These October 2009 accident reports are provided by the National Transportation Safety Board. Published as an educational tool, they are intended to help pilots learn from the misfortunes of others.
Aircraft: Cessna P210. Injuries: 1 Minor. Location: Rifle, Colo. Aircraft damage: Substantial.
What reportedly happened: The commercial pilot, who held an instrument rating, had logged 1,423 hours, including 169 hours in type, of which 36 hours were in the proceeding 90 days. According to the pilot, following the initial climb he pulled back the power lever but the engine remained at full power.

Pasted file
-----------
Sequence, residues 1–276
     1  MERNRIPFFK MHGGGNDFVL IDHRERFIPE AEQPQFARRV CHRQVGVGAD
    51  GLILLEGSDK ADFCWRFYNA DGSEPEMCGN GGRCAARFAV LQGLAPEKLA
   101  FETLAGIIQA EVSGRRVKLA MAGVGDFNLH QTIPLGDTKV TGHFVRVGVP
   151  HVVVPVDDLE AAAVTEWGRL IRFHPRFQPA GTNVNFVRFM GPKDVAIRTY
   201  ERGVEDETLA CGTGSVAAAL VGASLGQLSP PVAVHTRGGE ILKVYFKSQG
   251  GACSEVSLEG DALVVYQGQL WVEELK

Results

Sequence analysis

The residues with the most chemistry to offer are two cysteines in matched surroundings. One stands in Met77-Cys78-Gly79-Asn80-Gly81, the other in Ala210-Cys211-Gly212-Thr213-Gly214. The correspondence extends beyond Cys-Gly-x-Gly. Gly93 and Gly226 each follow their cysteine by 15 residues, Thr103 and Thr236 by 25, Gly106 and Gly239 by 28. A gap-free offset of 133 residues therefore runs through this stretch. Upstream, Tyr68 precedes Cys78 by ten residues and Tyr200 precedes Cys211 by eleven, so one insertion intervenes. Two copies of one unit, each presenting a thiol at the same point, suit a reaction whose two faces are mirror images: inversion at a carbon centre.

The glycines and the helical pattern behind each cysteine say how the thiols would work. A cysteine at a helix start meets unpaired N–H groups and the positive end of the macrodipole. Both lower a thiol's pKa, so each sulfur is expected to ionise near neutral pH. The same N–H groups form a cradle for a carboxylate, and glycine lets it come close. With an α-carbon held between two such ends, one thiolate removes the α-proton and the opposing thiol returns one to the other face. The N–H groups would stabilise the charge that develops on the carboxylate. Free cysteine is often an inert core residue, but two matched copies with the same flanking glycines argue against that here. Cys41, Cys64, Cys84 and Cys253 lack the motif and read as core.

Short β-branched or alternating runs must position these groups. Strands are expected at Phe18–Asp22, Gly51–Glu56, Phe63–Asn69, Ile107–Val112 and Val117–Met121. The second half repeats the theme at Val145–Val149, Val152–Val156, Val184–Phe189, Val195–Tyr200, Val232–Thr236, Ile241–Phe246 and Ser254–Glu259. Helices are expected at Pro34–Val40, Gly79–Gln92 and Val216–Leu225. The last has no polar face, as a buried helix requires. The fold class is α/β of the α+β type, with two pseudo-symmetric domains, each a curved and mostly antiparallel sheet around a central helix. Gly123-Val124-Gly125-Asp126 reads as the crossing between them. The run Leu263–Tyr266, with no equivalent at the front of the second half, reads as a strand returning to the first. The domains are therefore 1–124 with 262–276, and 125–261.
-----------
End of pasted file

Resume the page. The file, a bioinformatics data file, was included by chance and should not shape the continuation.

He attempted to cycle the power lever and only experienced a change in power output when the control was at the flight idle position and at the full-power position. The pilot opted to return for an emergency landing.
While preparing to land, he cycled the power between flight idle and full power in an effort to maintain airspeed and attain the proper glide path. During final approach, he attempted to increase power again but the engine did not respond and remained at idle. The airplane landed short of the approach end of the runway and flipped onto its back.
The investigative team and an independent CFI duplicated the engine power anomalies described by the pilot by manipulating the propeller condition lever in place of the power lever, which is likely what the pilot did prior to the accident.
Probable cause: The pilot’s failure to properly identify the power lever and, instead, manipulating the propeller condition lever.
For more information: NTSB.gov NTSB Identification: CEN10FA021